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2.5 Search Controls
Determining all possible transitions
General tasks:
n Determining all possible transitions, i.e.
{(s1,s2) ΠT | s1 is actual state}
n Selecting the next state
Important observation:
Transitions are usually based on applying general rules
to parts of the actual state
Examples:
- extension rules in set-based search
- processing a leaf in tree- or graph-based search
F use observation to make tasks easier and faster
Many general rules that were applicable in the last state
usually are applicable in the current one
Therefore
n Have list of potential transitions from last state
n Delete from list potential transitions not possible any
more (parts of state used for them do not exist now)
n Update remaining transitions if necessary
(remember: we are in a new state now)
n Add newly possible transitions (that are not already
in the list)
F List of all candidates for next transition
CPSC 433 - Artificial Intelligence
CPSC 433 - Artificial Intelligence
Jörg Denzinger
Selecting the next state
Evaluating transitions
Have to find best transition
F evaluation necessary
n Store evaluation with transition so that evaluation
can be reused (but not always reusable, remember
min-max search)
n Organize list of transitions as heap, since always the
transition with best evaluation is looked for
l Finding best transition takes constant time
l Inserting new transitions much faster than in
ordered list
CPSC 433 - Artificial Intelligence
Jörg Denzinger
Jörg Denzinger
General Ideas for What to Measure
Candidates for measuring
n Result state
n Parts of actual state enabling general rule for
transition
n Parts new in the result state vs actual state
What to use?
Depends on how difficult it is to compute needed data
(i.e. resulting state resp. parts)
CPSC 433 - Artificial Intelligence
Jörg Denzinger
General Problems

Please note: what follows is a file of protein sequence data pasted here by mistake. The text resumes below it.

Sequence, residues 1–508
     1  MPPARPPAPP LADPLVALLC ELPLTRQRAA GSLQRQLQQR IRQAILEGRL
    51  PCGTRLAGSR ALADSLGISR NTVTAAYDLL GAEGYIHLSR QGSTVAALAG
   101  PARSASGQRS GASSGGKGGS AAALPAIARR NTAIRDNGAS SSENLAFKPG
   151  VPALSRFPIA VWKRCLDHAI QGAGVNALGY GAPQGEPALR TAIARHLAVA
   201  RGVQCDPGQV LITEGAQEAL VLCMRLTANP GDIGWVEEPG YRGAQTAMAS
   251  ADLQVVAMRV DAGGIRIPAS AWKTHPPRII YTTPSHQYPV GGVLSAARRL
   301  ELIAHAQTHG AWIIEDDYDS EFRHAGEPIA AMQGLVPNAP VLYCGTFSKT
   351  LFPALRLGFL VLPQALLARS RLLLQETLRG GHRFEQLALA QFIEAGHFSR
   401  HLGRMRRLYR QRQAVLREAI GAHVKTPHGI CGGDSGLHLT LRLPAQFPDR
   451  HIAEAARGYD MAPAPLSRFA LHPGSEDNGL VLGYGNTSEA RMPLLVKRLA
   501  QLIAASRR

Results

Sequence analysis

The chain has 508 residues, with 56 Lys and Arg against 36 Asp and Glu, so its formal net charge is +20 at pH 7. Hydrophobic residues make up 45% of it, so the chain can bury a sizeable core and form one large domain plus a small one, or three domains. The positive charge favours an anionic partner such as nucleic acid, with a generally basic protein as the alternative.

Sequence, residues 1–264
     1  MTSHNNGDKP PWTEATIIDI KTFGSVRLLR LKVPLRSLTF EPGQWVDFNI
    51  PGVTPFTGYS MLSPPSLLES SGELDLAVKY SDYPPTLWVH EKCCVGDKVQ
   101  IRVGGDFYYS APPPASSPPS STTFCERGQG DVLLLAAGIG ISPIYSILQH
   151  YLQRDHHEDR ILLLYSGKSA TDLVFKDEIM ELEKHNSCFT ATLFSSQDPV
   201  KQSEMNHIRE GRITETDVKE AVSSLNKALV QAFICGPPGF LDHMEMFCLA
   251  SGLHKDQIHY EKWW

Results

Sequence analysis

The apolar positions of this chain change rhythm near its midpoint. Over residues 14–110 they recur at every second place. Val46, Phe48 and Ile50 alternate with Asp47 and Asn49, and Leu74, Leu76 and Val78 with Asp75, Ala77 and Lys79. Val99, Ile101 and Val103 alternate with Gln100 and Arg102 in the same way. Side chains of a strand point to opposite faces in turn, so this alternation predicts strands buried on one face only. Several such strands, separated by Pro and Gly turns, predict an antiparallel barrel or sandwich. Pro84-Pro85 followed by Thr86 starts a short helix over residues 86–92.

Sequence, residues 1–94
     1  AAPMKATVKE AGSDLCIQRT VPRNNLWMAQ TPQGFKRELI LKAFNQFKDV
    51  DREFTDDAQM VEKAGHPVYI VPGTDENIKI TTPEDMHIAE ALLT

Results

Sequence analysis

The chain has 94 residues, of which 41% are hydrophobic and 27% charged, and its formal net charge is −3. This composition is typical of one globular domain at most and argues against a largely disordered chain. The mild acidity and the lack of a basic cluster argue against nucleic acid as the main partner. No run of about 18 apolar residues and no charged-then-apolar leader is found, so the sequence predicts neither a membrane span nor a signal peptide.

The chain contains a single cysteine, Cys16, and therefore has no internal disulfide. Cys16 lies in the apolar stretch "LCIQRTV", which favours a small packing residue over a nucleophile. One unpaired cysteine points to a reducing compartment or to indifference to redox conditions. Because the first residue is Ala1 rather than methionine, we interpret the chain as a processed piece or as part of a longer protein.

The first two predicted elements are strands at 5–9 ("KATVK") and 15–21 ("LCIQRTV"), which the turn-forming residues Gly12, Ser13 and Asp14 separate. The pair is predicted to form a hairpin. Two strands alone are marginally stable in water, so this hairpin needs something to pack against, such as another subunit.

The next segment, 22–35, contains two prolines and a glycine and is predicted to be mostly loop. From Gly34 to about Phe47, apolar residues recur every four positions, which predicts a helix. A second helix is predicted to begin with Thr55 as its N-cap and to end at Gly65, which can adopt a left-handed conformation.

(and solution approaches)
n Distance to a goal state or parts of it (see control for
STRIPS and the blocks world)
n Best that can be achieved from a state (using an
approximation, used for optimization problems)
n Difficulty of new problems in state (needs knowledge
about problems)
n Number of transitions that become possible
n Size of state
n History of search
n Use of similar search experiences
n States get too big
(F local search, backtracking, forget history)
n Measuring states too time consuming
(F abstract to significant parts, use less complex
measures)
n Combining pieces of knowledge
(F normalizing weights + weighted sums)
n Contradicting control knowledge
(F distributed search approaches, competition)
CPSC 433 - Artificial Intelligence
CPSC 433 - Artificial Intelligence
Jörg Denzinger
Jörg Denzinger
1
Local Search (I)
Local Search (II)
General Idea:
After selecting a transition, do not consider any
transitions that were possible in previous states
F “Never-look-back-Heuristic”
Example: trees (works for sets also F one-element sets)
eliminate older
possibilities
Advantages:
: Less decisions
: Complexity can be bound by depth of tree (number
of solution steps)
: Each transition contributes to found solution
: Predictable behavior with regard to run time
Disadvantages
- No guarantee for optimality of solution
- No guarantee for optimality of number of necessary
transitions
CPSC 433 - Artificial Intelligence
Jörg Denzinger
CPSC 433 - Artificial Intelligence
Jörg Denzinger
2